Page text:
Les pratiques agricoles qui réduisent la quantité de carbone dans le sol peuvent perturber son activité microbienne, modifier sa structure, et sa capacité à fournir eau et nutriments aux cultures. Elles peuvent aussi limiter la capacité des sols agricoles à lutter contre le changement climatique. Le projet de recherche européen Catch-C s’est interrogé sur la capacité des pratiques agricoles
alternatives à limiter ou contrebalancer ces problèmes. À partir des premiers résultats de l'analyse des effets de différentes pratiques en Europe, cet article nous présente la conception d'un outil d'aide à la décision pour les acteurs du monde agricole qui résume les avantages et inconvénients de ces modèles alternatifs, propose des recommandations validées scientifiquement, pour tendre
vers une gestion durable des sols agricoles, sur lesquelles de futures politiques pourront se reposer
Consumption of unprocessed cow's milk protects infants from common respiratory infections
Loss, G. ; Depner, M. ; Ulfman, L.H. ; Neerven, R.J.J. van; Hose, A.J. ; Genuneit, J. - \ 2015
Journal of Allergy and Clinical Immunology 135 (2015)1. - ISSN 0091-6749 - p. 56 - 62.
1st year - atopic sensitization - childhood asthma - viral-infections - birth-cohort - life - children - inflammation - prevention - proteins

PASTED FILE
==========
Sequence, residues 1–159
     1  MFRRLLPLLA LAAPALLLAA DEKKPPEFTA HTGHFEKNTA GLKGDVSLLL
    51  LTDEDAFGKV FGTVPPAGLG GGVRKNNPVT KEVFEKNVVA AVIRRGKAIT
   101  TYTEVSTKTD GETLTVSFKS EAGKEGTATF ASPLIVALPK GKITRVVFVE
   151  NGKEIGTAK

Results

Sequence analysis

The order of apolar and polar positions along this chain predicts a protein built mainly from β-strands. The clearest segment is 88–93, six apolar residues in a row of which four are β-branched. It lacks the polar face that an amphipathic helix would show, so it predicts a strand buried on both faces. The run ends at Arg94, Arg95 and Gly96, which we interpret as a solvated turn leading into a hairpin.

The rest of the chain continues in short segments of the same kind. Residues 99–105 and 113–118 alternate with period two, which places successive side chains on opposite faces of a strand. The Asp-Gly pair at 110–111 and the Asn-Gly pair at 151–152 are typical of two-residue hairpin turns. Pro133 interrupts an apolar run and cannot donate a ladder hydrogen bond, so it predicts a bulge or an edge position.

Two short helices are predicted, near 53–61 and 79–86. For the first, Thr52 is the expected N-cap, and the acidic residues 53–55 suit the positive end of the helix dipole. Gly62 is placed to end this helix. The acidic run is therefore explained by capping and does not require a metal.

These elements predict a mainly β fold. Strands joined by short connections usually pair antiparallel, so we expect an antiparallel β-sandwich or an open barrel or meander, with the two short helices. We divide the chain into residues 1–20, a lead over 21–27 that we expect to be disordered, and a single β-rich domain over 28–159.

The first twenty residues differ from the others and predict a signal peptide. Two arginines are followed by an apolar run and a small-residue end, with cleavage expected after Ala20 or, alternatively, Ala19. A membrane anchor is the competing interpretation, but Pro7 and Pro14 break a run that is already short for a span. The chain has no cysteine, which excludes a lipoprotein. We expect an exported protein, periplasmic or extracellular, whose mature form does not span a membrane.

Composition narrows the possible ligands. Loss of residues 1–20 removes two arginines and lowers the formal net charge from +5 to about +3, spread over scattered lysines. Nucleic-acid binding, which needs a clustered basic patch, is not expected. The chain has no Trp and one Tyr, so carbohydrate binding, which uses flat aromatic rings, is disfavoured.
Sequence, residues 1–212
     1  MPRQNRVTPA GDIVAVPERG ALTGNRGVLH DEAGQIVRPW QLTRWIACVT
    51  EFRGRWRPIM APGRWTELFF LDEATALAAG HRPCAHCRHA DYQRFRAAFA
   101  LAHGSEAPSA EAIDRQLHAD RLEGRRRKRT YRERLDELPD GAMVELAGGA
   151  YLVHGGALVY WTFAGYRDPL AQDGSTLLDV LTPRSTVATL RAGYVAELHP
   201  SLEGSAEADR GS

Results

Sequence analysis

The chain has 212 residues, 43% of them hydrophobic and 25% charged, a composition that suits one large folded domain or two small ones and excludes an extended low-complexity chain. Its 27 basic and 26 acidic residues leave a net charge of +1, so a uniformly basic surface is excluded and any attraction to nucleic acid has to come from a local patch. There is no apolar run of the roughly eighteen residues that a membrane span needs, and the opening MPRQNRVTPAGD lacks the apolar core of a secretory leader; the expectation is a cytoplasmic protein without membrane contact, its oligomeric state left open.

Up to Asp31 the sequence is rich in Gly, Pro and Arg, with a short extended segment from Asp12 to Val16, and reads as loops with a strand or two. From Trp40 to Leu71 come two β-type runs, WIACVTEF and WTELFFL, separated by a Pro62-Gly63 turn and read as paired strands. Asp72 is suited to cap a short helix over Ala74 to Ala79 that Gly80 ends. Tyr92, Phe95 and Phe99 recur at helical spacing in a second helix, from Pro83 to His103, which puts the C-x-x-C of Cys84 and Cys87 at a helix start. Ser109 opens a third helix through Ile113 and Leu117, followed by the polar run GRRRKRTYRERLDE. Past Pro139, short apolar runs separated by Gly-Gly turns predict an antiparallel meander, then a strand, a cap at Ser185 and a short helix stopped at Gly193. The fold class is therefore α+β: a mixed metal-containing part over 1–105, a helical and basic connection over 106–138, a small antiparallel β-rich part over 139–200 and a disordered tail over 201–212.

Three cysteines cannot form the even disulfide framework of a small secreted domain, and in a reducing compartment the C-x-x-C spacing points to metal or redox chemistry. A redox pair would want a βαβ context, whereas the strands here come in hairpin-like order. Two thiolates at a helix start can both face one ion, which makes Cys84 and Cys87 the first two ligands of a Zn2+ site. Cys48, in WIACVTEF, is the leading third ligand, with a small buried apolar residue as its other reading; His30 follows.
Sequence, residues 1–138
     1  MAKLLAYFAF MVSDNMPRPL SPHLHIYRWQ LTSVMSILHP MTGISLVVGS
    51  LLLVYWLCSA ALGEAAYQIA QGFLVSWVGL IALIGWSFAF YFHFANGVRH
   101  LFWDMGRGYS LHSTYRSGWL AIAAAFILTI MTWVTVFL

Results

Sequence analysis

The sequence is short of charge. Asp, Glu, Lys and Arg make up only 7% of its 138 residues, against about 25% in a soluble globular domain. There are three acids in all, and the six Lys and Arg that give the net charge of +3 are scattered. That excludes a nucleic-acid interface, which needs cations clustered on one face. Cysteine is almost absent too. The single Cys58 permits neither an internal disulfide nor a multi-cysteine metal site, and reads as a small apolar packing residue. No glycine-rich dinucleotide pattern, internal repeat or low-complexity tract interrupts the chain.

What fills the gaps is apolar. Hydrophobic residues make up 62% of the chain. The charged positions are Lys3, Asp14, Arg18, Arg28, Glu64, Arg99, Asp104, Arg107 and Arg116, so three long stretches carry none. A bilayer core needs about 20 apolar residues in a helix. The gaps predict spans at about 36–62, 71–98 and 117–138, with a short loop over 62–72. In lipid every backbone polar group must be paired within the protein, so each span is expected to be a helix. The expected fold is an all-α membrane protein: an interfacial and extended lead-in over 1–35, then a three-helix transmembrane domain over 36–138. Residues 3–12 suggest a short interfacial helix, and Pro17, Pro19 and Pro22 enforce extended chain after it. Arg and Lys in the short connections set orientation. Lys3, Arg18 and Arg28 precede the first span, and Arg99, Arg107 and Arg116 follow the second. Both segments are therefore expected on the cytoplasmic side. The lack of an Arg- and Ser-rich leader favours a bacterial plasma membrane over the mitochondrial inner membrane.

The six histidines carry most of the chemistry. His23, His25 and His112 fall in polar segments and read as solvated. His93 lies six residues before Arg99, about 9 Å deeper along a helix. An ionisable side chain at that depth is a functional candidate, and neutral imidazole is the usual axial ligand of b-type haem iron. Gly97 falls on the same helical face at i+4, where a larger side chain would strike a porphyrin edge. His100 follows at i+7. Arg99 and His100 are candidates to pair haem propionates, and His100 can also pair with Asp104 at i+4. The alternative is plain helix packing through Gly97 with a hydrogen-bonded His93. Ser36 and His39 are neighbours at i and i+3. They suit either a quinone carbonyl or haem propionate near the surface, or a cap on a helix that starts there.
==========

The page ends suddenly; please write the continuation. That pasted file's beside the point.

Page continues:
Background: Breast-feeding is protective against respiratory infections in early life. Given the co-evolutionary adaptations of humans and cattle, bovine milk might exert similar anti-infective effects in human infants. Objective: To study effects of consumption of raw and processed cow's milk on common infections in infants. Methods: The PASTURE birth cohort followed 983 infants from rural areas in Austria, Finland, France, Germany, and Switzerland, for the first year of life, covering 37,306 person-weeks. Consumption of different types of cow's milk and occurrence of rhinitis, respiratory tract infections, otitis, and fever were assessed by weekly health diaries. C-reactive protein levels were assessed using blood samples taken at 12 months. Results: When contrasted with ultra-heat treated milk, raw milk consumption was inversely associated with occurrence of rhinitis (adjusted odds ratio from longitudinal models [95% CI]: 0.71 [0.54-0.94]), respiratory tract infections (0.77 [0.59-0.99]), otitis (0.14 [0.05-0.42]), and fever (0.69 [0.47-1.01]). Boiled farm milk showed similar but weaker associations. Industrially processed pasteurized milk was inversely associated with fever. Raw farm milk consumption was inversely associated with C-reactive protein levels at 12 months (geometric means ratio [95% CI]: 0.66 [0.45-0.98]). Conclusions: Early life consumption of raw cow's milk reduced the risk of manifest respiratory infections and fever by about 30%. If the health hazards of raw milk could be overcome, the public health impact of minimally processed but pathogen-free milk might be enormous, given the high prevalence of respiratory infections in the first year of life and the associated direct and indirect costs.